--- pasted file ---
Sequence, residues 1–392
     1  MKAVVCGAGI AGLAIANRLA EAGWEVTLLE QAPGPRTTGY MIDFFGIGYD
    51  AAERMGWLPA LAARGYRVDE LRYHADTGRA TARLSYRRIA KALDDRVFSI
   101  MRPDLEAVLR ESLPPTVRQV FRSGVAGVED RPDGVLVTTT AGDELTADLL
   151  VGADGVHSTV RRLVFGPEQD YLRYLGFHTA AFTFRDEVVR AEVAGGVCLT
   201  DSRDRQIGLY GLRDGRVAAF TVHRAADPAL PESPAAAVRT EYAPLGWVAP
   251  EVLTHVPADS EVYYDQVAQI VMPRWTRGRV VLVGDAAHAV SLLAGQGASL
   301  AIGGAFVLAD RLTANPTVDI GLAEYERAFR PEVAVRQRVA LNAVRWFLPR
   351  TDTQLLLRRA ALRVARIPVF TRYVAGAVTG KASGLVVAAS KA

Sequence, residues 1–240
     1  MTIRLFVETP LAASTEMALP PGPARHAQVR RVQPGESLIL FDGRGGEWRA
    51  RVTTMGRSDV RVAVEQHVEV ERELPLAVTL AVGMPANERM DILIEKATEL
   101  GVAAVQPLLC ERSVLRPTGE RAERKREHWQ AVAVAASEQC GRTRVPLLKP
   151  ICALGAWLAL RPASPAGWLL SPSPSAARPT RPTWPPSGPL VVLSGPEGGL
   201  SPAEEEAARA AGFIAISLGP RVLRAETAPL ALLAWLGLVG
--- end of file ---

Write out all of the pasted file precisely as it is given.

Sequence, residues 1–392
     1  MKAVVCGAGI AGLAIANRLA EAGWEVTLLE QAPGPRTTGY MIDFFGIGYD
    51  AAERMGWLPA LAARGYRVDE LRYHADTGRA TARLSYRRIA KALDDRVFSI
   101  MRPDLEAVLR ESLPPTVRQV FRSGVAGVED RPDGVLVTTT AGDELTADLL
   151  VGADGVHSTV RRLVFGPEQD YLRYLGFHTA AFTFRDEVVR AEVAGGVCLT
   201  DSRDRQIGLY GLRDGRVAAF TVHRAADPAL PESPAAAVRT EYAPLGWVAP
   251  EVLTHVPADS EVYYDQVAQI VMPRWTRGRV VLVGDAAHAV SLLAGQGASL
   301  AIGGAFVLAD RLTANPTVDI GLAEYERAFR PEVAVRQRVA LNAVRWFLPR
   351  TDTQLLLRRA ALRVARIPVF TRYVAGAVTG KASGLVVAAS KA

Sequence, residues 1–240
     1  MTIRLFVETP LAASTEMALP PGPARHAQVR RVQPGESLIL FDGRGGEWRA
    51  RVTTMGRSDV RVAVEQHVEV ERELPLAVTL AVGMPANERM DILIEKATEL
   101  GVAAVQPLLC ERSVLRPTGE RAERKREHWQ AVAVAASEQC GRTRVPLLKP
   151  ICALGAWLAL RPASPAGWLL SPSPSAARPT RPTWPPSGPL VVLSGPEGGL
   201  SPAEEEAARA AGFIAISLGP RVLRAETAPL ALLAWLGLVG